BELLEFONTE, Penn. -- Former Penn State football coach Jerry Sandusky will likely spend the rest of his life in prison, after a judge handed down a prison sentence Tuesday for his convictions on child sexual abuse charges.

Judge John Cleland said Sandusky will face no less than 30 years and no more than 60 years, with credit for time served.

He was convicted in June of sexually abusing 10 boys over a 15-year period.

The 68-year-old had faced a maximum of 400 years in prison.

His attorneys have 10 days to appeal the decision. They have already vowed to appeal his conviction.

Sandusky entered the courthouse Tuesday wearing a red jumpsuit with a bullet-proof vest underneath. Though he was handcuffed, he clutched a manila envelope and smiled briefly as he got out of a police vehicle. His wife, Dottie, arrived in the parking lot moments earlier.

He had pleaded his case in an audio statement Monday in which he protested his innocence and insisted he was falsely accused.

"They could take away my life, they could make me out as a monster, they could treat me as a monster, but they can't take away my heart," the former assistant coach said in the recording. "In my heart, I know I did not do these alleged disgusting acts."

He accused the judge of bringing the case to trial too quickly, the victims of conspiring together, and the attorneys of trying to make money in future civil suits.

Members of Sandusky's defense team have long maintained that they were denied sufficient time to prepare.

Tom Kline, an attorney for the person identified in court as Victim No. 5, called Sandusky's recording "preposterous."

"If you are to believe Mr. Sandusky, then we have the grand conspiracy, which his lawyers attempted to play out in the court, which involved 10 young men, a janitor, Mr. (Mike) McQueary, the press, the lawyers and everyone else who's involved," Kline told CNN.

"The fact of the matter is that there was no collusion whatsoever. My client came forward only after there was a knock on the door by the police, which led him to a grand jury room. He had never spoken to anyone. He told his story."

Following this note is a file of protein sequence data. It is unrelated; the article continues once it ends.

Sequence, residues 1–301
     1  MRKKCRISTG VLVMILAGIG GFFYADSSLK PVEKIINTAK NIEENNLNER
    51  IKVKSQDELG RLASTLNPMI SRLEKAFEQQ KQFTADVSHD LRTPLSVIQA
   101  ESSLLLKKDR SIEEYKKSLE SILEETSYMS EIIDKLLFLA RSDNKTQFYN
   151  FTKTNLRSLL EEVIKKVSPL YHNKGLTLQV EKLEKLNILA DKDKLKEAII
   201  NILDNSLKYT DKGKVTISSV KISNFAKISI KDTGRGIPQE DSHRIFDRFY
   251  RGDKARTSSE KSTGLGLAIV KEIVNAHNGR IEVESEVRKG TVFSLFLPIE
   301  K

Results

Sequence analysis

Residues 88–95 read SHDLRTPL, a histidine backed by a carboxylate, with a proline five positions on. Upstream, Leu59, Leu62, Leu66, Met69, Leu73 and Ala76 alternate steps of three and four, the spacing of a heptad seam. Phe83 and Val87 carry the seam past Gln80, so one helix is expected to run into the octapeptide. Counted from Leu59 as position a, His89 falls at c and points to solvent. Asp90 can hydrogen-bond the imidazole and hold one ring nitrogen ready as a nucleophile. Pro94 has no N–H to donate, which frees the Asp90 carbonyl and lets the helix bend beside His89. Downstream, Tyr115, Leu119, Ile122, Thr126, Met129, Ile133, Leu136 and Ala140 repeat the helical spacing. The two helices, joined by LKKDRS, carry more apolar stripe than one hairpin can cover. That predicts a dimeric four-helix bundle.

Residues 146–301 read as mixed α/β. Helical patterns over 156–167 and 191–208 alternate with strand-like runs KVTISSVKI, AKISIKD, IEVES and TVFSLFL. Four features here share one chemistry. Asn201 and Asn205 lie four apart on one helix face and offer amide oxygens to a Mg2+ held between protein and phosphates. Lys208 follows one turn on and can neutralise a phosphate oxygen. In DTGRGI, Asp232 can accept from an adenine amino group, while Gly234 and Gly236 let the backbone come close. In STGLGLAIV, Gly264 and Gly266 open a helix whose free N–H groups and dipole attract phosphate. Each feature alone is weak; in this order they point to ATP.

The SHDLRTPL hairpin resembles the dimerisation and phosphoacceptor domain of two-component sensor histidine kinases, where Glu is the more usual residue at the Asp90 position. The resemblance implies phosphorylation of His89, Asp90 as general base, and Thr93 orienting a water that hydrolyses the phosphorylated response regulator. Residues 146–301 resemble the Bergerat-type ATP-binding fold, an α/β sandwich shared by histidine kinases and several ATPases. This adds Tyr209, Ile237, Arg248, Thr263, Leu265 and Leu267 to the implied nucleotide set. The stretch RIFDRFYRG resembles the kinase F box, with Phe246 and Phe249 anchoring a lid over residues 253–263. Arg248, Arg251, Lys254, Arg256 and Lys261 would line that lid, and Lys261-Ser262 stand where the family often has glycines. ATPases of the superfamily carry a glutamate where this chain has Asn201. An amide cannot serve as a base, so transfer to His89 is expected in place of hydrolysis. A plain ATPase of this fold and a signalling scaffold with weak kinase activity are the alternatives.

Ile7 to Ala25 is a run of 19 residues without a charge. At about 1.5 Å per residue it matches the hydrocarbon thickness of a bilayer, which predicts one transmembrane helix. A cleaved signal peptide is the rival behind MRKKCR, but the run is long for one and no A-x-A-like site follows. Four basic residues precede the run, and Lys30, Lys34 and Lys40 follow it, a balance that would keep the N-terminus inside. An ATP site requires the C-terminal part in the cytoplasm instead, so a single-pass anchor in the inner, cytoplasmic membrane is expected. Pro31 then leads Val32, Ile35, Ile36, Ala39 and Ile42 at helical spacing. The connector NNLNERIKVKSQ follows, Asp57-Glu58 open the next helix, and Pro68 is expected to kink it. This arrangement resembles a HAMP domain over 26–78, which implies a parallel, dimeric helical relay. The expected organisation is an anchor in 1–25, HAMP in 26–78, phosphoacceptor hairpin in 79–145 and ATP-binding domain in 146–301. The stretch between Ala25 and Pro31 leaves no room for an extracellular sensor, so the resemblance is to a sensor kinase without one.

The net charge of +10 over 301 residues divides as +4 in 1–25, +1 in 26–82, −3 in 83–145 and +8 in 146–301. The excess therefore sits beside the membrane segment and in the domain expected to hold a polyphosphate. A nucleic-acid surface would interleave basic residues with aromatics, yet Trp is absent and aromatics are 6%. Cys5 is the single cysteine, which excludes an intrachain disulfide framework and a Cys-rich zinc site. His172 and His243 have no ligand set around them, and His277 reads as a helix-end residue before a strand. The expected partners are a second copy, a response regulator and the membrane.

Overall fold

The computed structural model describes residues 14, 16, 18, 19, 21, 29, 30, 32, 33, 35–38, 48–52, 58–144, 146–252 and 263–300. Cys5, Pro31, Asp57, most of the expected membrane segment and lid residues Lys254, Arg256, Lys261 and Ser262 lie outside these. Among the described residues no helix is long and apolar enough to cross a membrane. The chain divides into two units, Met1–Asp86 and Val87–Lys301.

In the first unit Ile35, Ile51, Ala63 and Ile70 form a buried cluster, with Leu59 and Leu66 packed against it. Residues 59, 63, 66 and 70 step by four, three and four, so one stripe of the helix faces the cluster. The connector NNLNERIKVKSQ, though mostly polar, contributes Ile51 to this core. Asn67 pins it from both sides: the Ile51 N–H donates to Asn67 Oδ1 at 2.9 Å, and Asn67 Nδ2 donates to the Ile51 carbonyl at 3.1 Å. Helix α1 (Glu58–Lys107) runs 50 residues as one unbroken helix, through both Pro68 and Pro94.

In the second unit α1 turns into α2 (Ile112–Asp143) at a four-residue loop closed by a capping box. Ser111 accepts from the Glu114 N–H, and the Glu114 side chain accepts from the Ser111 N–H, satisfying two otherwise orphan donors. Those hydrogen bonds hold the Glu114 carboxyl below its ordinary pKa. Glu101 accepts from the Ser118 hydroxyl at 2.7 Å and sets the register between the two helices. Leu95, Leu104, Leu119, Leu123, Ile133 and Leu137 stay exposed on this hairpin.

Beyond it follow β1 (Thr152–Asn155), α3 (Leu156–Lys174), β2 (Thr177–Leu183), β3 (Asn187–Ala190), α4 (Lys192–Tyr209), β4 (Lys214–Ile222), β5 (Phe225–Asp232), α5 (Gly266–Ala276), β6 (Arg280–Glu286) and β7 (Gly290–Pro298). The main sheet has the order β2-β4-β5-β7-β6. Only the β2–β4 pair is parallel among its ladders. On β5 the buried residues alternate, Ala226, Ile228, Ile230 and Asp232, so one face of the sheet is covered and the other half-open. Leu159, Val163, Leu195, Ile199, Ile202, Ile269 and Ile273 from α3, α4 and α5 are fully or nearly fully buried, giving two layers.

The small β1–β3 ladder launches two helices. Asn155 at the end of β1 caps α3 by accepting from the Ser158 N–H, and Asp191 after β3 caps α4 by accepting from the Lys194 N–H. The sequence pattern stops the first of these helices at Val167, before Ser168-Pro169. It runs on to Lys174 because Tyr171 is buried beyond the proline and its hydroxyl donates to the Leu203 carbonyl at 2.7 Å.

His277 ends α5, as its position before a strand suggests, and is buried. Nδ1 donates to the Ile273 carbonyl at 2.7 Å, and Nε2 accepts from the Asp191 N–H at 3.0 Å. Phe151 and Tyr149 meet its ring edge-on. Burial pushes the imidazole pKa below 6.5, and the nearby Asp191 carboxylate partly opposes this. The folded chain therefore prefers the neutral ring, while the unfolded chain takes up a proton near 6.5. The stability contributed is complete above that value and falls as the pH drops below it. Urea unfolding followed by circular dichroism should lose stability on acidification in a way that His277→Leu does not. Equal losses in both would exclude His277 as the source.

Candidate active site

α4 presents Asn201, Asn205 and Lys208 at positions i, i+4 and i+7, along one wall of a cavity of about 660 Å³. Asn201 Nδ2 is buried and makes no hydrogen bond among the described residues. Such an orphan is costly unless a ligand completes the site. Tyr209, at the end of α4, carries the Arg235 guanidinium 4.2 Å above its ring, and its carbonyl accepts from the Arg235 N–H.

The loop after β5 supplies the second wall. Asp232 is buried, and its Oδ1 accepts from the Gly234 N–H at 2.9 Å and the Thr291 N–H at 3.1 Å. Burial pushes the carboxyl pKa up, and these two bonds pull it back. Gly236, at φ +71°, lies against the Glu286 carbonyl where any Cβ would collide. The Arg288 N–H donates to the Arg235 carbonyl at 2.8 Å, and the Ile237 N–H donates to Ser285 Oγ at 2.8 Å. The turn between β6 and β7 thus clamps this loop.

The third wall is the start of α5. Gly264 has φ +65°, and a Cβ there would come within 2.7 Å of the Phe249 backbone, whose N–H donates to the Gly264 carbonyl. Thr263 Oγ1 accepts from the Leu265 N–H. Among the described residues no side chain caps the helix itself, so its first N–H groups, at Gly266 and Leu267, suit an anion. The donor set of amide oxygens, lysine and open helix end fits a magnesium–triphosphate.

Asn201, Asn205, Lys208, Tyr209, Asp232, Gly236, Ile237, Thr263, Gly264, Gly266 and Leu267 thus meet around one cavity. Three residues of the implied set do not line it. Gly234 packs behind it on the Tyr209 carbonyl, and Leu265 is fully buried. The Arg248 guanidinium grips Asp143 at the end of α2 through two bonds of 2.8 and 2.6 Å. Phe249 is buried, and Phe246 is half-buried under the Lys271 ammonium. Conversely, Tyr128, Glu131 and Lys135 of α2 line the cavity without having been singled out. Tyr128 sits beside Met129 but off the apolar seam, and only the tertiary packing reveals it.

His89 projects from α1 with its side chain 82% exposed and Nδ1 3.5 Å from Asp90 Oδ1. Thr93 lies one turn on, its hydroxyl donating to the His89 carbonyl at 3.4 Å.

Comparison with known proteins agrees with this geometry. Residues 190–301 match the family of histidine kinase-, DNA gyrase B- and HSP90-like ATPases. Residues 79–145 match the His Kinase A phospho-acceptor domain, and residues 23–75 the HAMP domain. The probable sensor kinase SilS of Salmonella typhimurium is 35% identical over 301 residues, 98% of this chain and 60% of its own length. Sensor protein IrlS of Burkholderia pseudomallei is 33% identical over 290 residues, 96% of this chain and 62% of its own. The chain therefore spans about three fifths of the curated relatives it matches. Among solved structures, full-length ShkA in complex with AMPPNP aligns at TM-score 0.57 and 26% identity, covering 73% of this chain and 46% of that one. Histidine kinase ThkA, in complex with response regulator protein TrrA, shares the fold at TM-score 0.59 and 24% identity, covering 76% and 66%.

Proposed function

McQueary, a former Penn State assistant football, testified that he saw Sandusky in a shower with an underage boy. He filed a whistleblower lawsuit last week against the university, according to a court document from Centre County, Pennsylvania.

Sandusky co-counsel Karl Rominger said of his client's audio recording, "If he wants to say that, God bless the First Amendment."

Penn State University's ComRadio first aired the audio clip on its website Monday evening.

An attorney for Victim No. 4 said Sandusky should at last confess his guilt.

"One thing that's critical for victims' healing is an acknowledgment of guilt. (Sandusky) is stunting that healing," attorney Ben Andreozzi said. "He is either delusional or the victim of one of the most comprehensive conspiracies of mankind."

The attorney for a man who claims he was repeatedly sexually abused by Sandusky while a child said the statement is a reminder that child predators justify their actions.

"Pedophiles often believe they did not do anything wrong. In their twisted universe, they helped their victims and loved them," said Marci Hamilton, who represents Travis Weaver, now 30. Weaver did not testify in Sandusky's trial, but did file a civil action against the former coach.